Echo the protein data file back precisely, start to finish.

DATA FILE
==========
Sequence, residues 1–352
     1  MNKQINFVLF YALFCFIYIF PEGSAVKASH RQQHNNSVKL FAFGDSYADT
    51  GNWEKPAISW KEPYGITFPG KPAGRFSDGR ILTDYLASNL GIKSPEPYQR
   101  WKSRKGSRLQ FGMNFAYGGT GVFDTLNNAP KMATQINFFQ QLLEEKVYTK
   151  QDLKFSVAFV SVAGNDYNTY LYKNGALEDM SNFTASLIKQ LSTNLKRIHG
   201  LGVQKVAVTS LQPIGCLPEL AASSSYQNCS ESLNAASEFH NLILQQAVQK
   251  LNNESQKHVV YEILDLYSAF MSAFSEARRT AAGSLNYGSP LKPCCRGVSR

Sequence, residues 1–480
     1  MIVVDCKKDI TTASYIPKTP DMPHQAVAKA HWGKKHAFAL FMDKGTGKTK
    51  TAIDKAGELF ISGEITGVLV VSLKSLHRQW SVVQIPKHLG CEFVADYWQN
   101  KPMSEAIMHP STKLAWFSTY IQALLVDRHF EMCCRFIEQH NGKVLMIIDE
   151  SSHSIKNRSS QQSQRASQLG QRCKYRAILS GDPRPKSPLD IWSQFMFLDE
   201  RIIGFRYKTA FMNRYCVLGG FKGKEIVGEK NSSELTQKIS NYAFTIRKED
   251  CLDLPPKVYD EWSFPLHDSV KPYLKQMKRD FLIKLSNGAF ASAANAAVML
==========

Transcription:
Sequence, residues 1–352
     1  MNKQINFVLF YALFCFIYIF PEGSAVKASH RQQHNNSVKL FAFGDSYADT
    51  GNWEKPAISW KEPYGITFPG KPAGRFSDGR ILTDYLASNL GIKSPEPYQR
   101  WKSRKGSRLQ FGMNFAYGGT GVFDTLNNAP KMATQINFFQ QLLEEKVYTK
   151  QDLKFSVAFV SVAGNDYNTY LYKNGALEDM SNFTASLIKQ LSTNLKRIHG
   201  LGVQKVAVTS LQPIGCLPEL AASSSYQNCS ESLNAASEFH NLILQQAVQK
   251  LNNESQKHVV YEILDLYSAF MSAFSEARRT AAGSLNYGSP LKPCCRGVSR

Sequence, residues 1–480
     1  MIVVDCKKDI TTASYIPKTP DMPHQAVAKA HWGKKHAFAL FMDKGTGKTK
    51  TAIDKAGELF ISGEITGVLV VSLKSLHRQW SVVQIPKHLG CEFVADYWQN
   101  KPMSEAIMHP STKLAWFSTY IQALLVDRHF EMCCRFIEQH NGKVLMIIDE
   151  SSHSIKNRSS QQSQRASQLG QRCKYRAILS GDPRPKSPLD IWSQFMFLDE
   201  RIIGFRYKTA FMNRYCVLGG FKGKEIVGEK NSSELTQKIS NYAFTIRKED
   251  CLDLPPKVYD EWSFPLHDSV KPYLKQMKRD FLIKLSNGAF ASAANAAVML